A recent news release announced an inmate in Soledad prison was convicted of possessing heroin. He was already serving 45 years-to-life for second-degree murder at the time the drugs were discovered in his cell. He had previously been convicted of three other serious offenses – two separate counts of assault with a firearm and one count of shooting into an occupied vehicle and he now faces an added consecutive sentence of 25 years-to-life. Personally, I doubt if this added sentence will get his attention, but it got mine. The inmate is only 39, if he lives another 20 years in prison it will cost the public more than $1 million, plus some unknown inflation factor likely to exceed the consumer price index, to keep him incarcerated, but in this case he is a violent criminal who is exactly where he needs to be. Still, it is an expensive proposition – preventing crime is potentially much cheaper than punishing it.
The cost of crime is an enormous drain on California’s public treasuries. San Benito County’s direct and apportioned cost share for police protection, criminal justice, corrections, and related items totals at least $37 million a year. That is the equivalent of $650 for every county resident or about $2,000 per family. The criminals are, literally, robbing us blind. More importantly, but much harder to measure, are the societal impacts of violence that inflicts pain and suffering on victims – 170,000 of them in 2011. That same year there were also nearly one million victims of property crimes.
Violent crime is the primary focus of California’s justice system; about 43 percent of violent crimes were cleared, but only 14 percent of property crimes are cleared. You cannot put a dollar value on the lost productivity, health consequences, and pain and suffering associated with violent crime.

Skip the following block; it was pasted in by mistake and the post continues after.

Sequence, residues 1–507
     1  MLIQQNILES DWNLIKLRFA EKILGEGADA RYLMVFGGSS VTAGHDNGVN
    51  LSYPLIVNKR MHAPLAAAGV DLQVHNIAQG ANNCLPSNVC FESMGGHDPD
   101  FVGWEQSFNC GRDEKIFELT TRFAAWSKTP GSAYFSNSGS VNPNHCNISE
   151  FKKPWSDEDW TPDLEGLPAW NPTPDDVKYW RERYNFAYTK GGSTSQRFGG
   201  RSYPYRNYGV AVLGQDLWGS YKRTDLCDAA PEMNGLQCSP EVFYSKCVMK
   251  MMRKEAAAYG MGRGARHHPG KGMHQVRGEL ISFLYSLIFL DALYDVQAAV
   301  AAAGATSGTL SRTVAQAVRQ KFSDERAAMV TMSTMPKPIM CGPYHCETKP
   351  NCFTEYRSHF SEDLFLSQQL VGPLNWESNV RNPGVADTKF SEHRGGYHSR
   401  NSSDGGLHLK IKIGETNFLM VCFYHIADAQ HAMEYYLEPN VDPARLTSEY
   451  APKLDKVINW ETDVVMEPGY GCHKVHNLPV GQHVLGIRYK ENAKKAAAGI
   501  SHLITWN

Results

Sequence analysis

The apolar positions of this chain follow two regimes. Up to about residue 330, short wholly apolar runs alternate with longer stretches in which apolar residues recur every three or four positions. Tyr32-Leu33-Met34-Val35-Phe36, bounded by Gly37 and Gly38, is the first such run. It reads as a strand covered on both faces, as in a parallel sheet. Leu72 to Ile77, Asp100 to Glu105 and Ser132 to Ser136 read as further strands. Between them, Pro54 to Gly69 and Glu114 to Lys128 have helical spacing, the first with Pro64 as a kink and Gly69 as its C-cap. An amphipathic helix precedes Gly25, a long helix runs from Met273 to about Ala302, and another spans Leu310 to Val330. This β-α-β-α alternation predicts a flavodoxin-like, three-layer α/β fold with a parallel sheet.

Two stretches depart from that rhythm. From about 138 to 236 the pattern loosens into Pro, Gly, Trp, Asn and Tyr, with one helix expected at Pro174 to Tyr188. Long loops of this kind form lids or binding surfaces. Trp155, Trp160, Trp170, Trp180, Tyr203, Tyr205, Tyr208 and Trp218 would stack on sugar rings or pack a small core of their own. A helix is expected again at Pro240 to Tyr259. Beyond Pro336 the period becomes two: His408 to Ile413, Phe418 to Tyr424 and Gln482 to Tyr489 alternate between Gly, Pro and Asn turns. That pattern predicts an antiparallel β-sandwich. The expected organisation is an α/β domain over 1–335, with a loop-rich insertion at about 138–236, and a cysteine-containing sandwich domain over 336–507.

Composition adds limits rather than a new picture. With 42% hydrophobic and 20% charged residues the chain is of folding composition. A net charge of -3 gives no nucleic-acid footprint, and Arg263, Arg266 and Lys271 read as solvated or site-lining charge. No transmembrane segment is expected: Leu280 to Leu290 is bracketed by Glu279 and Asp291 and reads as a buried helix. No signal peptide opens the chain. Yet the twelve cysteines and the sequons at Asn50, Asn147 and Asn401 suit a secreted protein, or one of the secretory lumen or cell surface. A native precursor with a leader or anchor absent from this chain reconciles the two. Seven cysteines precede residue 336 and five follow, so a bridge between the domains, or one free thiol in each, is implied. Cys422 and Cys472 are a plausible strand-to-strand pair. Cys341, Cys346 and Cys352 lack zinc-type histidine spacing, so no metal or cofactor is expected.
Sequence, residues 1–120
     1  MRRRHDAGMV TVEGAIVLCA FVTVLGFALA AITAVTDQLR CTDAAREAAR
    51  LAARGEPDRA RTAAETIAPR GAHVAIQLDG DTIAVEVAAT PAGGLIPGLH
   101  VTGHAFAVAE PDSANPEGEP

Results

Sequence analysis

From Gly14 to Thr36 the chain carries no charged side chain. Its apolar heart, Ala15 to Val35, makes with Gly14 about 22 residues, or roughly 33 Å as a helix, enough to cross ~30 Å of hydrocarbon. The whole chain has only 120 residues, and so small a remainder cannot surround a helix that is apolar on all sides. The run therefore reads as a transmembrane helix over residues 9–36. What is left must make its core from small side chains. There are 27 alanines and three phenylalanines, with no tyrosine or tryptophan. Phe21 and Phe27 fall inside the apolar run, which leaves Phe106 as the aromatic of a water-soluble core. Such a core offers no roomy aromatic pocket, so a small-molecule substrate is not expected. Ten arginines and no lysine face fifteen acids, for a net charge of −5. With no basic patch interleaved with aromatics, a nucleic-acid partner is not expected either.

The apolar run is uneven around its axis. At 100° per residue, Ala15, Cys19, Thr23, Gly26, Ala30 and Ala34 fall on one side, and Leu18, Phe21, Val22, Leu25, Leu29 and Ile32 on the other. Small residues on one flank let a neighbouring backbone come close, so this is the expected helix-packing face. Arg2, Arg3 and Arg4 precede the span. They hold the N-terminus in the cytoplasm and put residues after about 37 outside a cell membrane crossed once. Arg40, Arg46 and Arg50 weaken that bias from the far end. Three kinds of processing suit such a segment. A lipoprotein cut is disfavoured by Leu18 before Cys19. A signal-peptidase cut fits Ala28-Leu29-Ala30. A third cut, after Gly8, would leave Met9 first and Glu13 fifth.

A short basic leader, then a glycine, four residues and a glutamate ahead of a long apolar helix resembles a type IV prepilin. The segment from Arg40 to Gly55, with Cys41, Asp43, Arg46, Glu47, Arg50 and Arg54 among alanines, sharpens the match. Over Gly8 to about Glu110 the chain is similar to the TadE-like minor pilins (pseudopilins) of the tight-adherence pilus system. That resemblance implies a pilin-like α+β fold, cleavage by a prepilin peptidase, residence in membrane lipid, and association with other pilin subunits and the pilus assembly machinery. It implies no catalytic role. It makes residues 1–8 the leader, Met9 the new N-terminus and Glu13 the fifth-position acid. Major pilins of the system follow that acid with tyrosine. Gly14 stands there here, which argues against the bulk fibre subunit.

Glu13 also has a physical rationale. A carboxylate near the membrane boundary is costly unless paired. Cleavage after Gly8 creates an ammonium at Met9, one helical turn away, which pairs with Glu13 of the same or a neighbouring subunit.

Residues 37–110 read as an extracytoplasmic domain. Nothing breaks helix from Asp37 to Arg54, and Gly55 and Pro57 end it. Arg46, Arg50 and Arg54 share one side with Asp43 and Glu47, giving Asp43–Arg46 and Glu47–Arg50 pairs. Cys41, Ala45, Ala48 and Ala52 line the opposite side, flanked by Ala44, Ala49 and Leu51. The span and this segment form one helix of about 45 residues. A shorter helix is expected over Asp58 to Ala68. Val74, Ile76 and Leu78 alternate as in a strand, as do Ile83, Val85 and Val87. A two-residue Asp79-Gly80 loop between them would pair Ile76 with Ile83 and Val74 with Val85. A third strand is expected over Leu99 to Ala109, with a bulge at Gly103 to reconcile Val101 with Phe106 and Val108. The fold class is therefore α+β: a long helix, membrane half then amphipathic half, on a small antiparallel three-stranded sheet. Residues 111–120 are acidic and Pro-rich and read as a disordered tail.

The total figure does not even include other tangible costs – the average motor vehicle theft incident costs the victim $6,100, while victims of arson average $11,500 in losses according to a state study. California’s violent crime rate remains slightly higher than average for populous states. Overall crime rates have fallen, but not the inflation-adjusted costs.
Where does the money go? Only a portion of local policing expenses are directly related to crime, but I included all of them because there were many other crime related expenses I could not capture such as the costs of social services, highway patrol crime operations, state investigative services, Federal courts, etc.
There are two large statewide expenses, the correction system (mostly prisons) and the criminal court system. The county's pro rata share of the $9 billion state correction system – more than $51,000 per inmate per year – is $13.5 million. Our share of the state’s $1.5 billion criminal court system is $2.2 million, for a total of $15.7 million in basic state-level expense.
The three largest local expenses are the City Police ($4.9 million), Sheriff’s Operations ($4.8 million), and the County Jail ($4.7 million). Next are Probation ($2.3 million), Juvenile Hall ($1.6 million), the District Attorney ($1.2 million), and the Public Defender ($1 million). Add in the smaller costs such as gang prevention, grant efforts, etc., and the local total – with some state and federal funding – is $21.3 million. About 80 percent of the local expenses ($17.4 million) come out of the county and city general funds; but the taxpayers eventually pay for all of it. The grand total for San Benito residents is $37 million a year.
Alcohol abuse, drug abuse, and gang membership are among society’s most serious issues and all are closely associated with crime. Effective programs that prevent and/or treat these problems pay for themselves many times over. Some of the cost of crime is never going away, but it is obvious that deterring and preventing crimes is much cheaper – and better for society – than investigating, apprehending, judging, and punishing criminals after the fact and after all the damage is done.